Whiting School of Engineering

The Department of Chemical and Biomolecular Engineering



David Gracias

Assistant Professor

Office:  (410) 516-5284
Email: dgracias@jhu.edu
Curriculum Vitae


  • Post-Doctoral Fellow, . Harvard University. 1999 - 2001
  • Ph.D., Phyiscal Chemistry. U.C. Berkeley. 1994 - 1999
  • 5-yr integrated M.S., Chemistry. Indian Institute of Technology (IIT), Kharagpur. 1989 - 1994

Research Interests

The unifying theme in our research group involves the science of miniaturization.  We invent new methods to fabricate micro and nanoscale devices and integrated structures for applications in electronics and medicine. Additionally, since the role of interfaces becomes extremely important as the size of devices decreases, we utilize state-of-the-art experimental tools in surface science to probe interfacial phenomena at the molecular scale. Relevant research topics involve nanoelectronics, non-linear optics, self-assembly, microelectromechanical systems (MEMS), microfluidics, drug delivery and nanomedicine.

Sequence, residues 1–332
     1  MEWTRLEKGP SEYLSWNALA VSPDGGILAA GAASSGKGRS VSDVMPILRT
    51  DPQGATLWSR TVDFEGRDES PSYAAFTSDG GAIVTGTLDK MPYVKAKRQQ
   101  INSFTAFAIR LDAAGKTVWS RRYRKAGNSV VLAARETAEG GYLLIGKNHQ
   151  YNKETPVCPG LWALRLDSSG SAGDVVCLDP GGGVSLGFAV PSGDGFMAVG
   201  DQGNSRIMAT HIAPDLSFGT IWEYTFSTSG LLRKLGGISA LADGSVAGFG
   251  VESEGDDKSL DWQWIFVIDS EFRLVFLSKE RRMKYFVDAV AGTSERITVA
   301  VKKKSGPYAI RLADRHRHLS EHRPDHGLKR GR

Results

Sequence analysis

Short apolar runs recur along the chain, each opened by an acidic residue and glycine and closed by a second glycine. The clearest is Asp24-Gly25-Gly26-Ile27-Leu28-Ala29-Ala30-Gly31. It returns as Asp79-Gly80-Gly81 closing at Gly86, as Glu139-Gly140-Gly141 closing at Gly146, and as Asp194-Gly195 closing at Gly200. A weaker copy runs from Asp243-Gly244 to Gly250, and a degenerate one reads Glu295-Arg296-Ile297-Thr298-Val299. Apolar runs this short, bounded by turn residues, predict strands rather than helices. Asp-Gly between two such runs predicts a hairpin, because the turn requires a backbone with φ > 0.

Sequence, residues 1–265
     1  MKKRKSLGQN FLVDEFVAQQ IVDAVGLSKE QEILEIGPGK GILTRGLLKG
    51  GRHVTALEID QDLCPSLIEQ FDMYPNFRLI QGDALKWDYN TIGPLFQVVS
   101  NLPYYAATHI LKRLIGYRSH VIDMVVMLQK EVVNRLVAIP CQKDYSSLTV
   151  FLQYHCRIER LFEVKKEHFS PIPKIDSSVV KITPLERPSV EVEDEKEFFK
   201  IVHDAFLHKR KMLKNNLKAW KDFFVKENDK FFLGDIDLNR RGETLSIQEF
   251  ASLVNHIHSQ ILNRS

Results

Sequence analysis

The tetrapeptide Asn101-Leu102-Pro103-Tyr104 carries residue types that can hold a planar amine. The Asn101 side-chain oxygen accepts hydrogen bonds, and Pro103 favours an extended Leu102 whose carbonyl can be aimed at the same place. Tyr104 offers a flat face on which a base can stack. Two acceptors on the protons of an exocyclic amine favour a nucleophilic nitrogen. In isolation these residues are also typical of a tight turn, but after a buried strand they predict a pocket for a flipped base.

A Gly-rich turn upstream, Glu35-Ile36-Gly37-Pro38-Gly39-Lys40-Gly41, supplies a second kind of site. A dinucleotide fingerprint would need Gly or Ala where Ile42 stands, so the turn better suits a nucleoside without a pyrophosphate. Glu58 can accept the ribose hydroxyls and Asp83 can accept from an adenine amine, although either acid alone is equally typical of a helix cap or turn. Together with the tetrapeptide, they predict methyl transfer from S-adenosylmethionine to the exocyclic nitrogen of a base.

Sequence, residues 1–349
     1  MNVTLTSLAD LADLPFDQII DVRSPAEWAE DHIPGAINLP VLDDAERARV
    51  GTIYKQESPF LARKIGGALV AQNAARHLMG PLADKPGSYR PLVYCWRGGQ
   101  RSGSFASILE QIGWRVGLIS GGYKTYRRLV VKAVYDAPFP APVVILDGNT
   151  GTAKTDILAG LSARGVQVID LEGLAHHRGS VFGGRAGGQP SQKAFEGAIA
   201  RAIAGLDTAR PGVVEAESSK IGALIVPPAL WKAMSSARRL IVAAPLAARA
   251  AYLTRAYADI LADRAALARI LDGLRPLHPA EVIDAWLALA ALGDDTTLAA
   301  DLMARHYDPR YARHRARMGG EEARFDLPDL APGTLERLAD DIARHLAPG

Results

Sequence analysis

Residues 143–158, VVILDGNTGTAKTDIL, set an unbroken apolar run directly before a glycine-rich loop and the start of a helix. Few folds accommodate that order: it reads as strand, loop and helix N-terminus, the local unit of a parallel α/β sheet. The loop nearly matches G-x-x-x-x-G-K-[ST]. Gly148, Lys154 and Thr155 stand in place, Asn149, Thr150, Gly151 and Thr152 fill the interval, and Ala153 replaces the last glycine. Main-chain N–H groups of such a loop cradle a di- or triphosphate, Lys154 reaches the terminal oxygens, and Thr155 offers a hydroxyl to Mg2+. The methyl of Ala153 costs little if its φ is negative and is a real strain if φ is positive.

• "Remote Radio Frequency Controlled Nanoliter Chemistry and Chemical Delivery on Substrates",H. Ye, C. Randall, T. Leong, D. Slanac, E. Call and D. H. Gracias, Angewandte Chemie-International Edition 46, 4991-4994 (2007).
  • "Spatially Controlled Chemistry Using Remotely Guided Nanoliter Scale Containers", T. Leong, Z. Gu, T. Koh and D. H. Gracias, Journal of the American Chemical Society 128 (35) 11336-11337 (2006).
  • "Probing Organic Field Effect Transistors In-Situ During Operation Using SFG", H. Ye, A. Abu-Akeel, J.Huang, H. E. Katz and D. H. Gracias, Journal of the American Chemical Society 128(20) 6528-6529 (2006).
  • "Reflow and Electrical Characteristics of Nanoscale solder", Z. Gu, H. Ye, D. Smirnova, D. Small and D. H. Gracias, Small 2 (2) 225-229 (2006).
  • Dielectrophoretic assembly of reversible and irreversible metal nanowire networks and verticaly aligned arrays", S. J. Papadakis, Z. Gu and D. H. Gracias, Applied Physics Letters 88, 2331181-233183 (2006).